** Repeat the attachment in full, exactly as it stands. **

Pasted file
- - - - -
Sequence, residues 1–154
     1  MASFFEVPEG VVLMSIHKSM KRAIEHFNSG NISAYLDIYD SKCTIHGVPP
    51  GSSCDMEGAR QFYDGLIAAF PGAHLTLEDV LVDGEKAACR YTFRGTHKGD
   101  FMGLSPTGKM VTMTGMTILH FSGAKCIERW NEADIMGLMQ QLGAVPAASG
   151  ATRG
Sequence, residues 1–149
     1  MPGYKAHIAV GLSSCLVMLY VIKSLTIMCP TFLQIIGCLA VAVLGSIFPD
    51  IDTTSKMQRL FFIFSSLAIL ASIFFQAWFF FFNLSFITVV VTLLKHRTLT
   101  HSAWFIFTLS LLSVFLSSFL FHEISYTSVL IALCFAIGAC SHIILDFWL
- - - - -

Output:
Sequence, residues 1–154
     1  MASFFEVPEG VVLMSIHKSM KRAIEHFNSG NISAYLDIYD SKCTIHGVPP
    51  GSSCDMEGAR QFYDGLIAAF PGAHLTLEDV LVDGEKAACR YTFRGTHKGD
   101  FMGLSPTGKM VTMTGMTILH FSGAKCIERW NEADIMGLMQ QLGAVPAASG
   151  ATRG
Sequence, residues 1–149
     1  MPGYKAHIAV GLSSCLVMLY VIKSLTIMCP TFLQIIGCLA VAVLGSIFPD
    51  IDTTSKMQRL FFIFSSLAIL ASIFFQAWFF FFNLSFITVV VTLLKHRTLT
   101  HSAWFIFTLS LLSVFLSSFL FHEISYTSVL IALCFAIGAC SHIILDFWL